Diary of Charles Francis Adams, volume 8

Wednesday 15th. CFA Wednesday 15th. CFA
Wednesday 15th.

Cool day. After breakfast, walked down to the House to see how Mr. Rowley got along. Found him at work still.

Received by mail from Boston, a copy of the Washington Globe of last Saturday the 11th, containing some strictures upon my papers together with a transfer to it’s columns of the second number.1 This is singular enough. But as the Editor of the Courier probably marked this paper as an invitation to me to notice it, I took it home and devoted 94the remainder of the morning to writing a reply. Curious is the fate of my productions. The Globe makes them a charge against Mr. Webster, and the Whigs shun them as they would pestilence. They nevertheless attract a little attention, and perhaps may be the means of insuring to me respectability in the world.

After dinner which I took at my father’s as usual on this day, he accompanied me in a ride to Squantum which consumed the afternoon. Evening, called with the family upon Mr. Lunt. Found F. A. Whitney and his sister there. Nothing material. Home by ten.


To its reprint of the second of CFA’s four letters to the Boston Courier signed “A Conservative,” The Globe added the argument and conclusion of the fourth letter, that of 8 August. The letters were offered (mistakenly) as examples of the Webster effort to effect an alliance between the abolition party and the National Bank party “upon the broad platform of national consolidation” (11 Aug., p. 3, cols. 2–4).

Thursday 16th. CFA Thursday 16th. CFA
Thursday 16th.

Cloudy day with occasional showers. I remained at home and occupied myself steadily in reading over the MS papers of J. A., the old journals and controversial papers which seem to be numerous in our family.

I also for the sake of refreshing my German resumed Lessing’s Laocoon which I had partially read last year.1 I began it over again and was still more pleased than ever with the critical acumen it displays. There is something exceedingly agreeable in turning from the tempestuous sea of politics to which I have been bred, to the calm and sunny repose of art.

Afternoon, read Lucretius finishing the first book and reviewing a part of it in the annotated edition of Gilbert Wakefield. A scholar, but a bold conjectural critic of the Bentley school.2 Continued Lockhart also. Evening at the Mansion and home in rain.


Above, entry for 23 July 1837.


Of the four copies of De rerum natura at MQA (above, entry of 7 Aug.), that in 4 vols., Glasgow, 1813, contained the commentary of Gilbert Wakefield. On him, see DNB .

Friday. 17th. CFA Friday. 17th. CFA
Friday. 17th.

A fine, clear day. I went to town where I was occupied much as usual. Looked into the National Office1 and found that the Courier had published my communication,2 but as usual without a remark. It reads tolerably well, but will I suppose be received like the rest and the Globe finding it can make no political use of the article will fall into the general silence.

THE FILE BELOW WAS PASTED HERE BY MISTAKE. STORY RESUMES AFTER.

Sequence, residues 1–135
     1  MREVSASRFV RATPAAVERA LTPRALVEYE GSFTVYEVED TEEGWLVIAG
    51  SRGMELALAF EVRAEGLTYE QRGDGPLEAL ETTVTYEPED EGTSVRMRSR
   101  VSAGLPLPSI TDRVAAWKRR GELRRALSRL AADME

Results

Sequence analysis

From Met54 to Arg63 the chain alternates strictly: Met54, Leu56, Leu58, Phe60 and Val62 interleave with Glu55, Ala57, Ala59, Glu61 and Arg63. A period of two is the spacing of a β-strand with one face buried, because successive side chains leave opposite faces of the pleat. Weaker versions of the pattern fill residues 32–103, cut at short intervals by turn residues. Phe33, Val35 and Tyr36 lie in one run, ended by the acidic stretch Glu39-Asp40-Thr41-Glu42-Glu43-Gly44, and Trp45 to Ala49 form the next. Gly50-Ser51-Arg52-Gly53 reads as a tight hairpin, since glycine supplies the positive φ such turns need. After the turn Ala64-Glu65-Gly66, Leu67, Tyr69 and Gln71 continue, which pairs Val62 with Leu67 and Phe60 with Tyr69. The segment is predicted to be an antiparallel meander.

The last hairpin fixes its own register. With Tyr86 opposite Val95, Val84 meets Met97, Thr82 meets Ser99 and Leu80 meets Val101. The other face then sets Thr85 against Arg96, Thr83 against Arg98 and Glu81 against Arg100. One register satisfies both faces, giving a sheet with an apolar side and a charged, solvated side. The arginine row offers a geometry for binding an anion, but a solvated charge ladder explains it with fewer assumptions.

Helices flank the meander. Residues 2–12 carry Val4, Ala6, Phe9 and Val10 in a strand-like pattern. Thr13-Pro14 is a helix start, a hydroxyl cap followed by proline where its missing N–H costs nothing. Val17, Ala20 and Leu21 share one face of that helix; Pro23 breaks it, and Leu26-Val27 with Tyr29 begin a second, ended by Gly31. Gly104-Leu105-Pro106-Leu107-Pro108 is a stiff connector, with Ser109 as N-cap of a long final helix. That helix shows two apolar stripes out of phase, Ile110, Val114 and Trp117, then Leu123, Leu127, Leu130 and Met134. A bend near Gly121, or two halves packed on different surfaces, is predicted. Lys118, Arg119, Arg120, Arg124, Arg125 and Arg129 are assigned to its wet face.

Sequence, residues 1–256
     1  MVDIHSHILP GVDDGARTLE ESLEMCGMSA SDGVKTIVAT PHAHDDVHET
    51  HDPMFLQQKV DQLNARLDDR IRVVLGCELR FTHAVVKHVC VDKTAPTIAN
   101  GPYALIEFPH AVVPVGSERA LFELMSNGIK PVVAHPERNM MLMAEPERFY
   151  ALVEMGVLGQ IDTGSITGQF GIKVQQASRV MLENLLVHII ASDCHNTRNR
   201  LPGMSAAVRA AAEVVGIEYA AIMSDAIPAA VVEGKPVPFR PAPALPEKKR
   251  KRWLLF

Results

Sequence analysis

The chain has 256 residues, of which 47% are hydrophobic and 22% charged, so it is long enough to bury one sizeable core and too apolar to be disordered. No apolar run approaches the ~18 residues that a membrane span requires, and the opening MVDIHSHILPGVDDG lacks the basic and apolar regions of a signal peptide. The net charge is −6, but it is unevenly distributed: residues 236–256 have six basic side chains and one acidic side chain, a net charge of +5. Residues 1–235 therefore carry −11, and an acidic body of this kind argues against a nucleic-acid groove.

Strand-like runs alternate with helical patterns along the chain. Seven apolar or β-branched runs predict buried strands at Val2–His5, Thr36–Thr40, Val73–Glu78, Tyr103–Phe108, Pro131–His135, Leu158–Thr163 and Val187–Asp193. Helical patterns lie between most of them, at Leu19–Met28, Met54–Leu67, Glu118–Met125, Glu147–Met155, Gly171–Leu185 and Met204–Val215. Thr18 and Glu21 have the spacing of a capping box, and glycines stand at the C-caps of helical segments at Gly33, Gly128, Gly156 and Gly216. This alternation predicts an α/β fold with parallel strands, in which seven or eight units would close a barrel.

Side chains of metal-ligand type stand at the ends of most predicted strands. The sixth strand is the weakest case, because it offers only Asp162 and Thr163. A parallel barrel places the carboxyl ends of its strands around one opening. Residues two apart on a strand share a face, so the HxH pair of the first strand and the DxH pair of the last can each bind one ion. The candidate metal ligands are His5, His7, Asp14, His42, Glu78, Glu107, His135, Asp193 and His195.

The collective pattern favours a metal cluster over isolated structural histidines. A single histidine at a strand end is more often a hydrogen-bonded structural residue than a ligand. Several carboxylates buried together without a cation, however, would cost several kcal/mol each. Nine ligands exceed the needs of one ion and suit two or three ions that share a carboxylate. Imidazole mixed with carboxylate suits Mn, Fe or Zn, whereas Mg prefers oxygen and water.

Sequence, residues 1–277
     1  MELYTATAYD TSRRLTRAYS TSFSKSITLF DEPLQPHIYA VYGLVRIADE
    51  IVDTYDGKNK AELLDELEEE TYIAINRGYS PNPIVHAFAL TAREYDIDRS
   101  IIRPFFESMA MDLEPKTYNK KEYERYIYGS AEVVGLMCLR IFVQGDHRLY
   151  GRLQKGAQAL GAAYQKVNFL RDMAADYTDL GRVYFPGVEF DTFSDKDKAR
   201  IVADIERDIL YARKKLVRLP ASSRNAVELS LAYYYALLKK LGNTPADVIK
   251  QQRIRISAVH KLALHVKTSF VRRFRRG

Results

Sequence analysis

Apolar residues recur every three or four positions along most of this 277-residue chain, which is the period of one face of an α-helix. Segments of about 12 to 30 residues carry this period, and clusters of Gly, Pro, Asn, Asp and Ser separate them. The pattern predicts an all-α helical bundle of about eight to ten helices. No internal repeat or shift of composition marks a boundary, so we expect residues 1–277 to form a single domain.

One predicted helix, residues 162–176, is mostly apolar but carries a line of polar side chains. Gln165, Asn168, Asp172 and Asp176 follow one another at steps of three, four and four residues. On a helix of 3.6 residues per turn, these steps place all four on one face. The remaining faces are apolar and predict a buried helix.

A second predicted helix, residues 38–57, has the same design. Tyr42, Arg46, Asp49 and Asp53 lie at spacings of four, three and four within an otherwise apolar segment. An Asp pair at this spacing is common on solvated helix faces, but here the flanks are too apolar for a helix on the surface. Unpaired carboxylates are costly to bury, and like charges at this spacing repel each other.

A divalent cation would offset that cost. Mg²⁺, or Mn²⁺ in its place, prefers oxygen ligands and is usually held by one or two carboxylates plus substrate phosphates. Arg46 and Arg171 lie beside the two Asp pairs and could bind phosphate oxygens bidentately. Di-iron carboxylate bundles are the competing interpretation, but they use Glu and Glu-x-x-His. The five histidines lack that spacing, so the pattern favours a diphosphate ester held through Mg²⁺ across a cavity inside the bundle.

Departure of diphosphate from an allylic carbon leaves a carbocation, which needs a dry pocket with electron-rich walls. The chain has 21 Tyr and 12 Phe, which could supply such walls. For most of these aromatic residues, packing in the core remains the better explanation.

My various duties carried me to different parts of the town but I still had a leisure hour at the Office. Home. Afternoon, Lucretius. A nervous writer with occasionally beautiful passages. Also Scott whose last days are like the gray clouds of evening closing over a setting sun.

My father came up after tea to look for Mercury whose greatest elongation from the sun permits him to be now visible with the naked eye. We saw him for half an hour as he rapidly descended towards the horizon. Mr. E. P. Greenleaf came and passed an hour, also.


The National Insurance Co. offices at 66 State Street.


The letter to the editor, signed “A Conservative,” is a reply to the Washington Globe, which had on 11 Aug. reprinted a part of CFA’s review of the “Democratic Address” along with an attack upon the review’s author as a follower of Webster, a whig, and an abolitionist. While denying the rest of the charge, he directs his answer principally to a definition of his differences with the abolitionists: “Their views are not my views. They look to the single question of slavery as a question of abstract right. I look to it as operating upon every interest in our country. They regard the Southern citizens as subjects to make proselytes of. I regard them as responsible politicians. They move heaven and earth to accelerate the abolition of slavery. I stand by waiting its downfall by ... irresistible destiny ... and only resist attempts whencesoever they may come to harness my fellow-citizens and myself into the criminal work of pulling down the constitution to make the materials with which to struggle to the last against that destiny” (Boston Courier, 17 Aug., p. 2, cols. 1–2).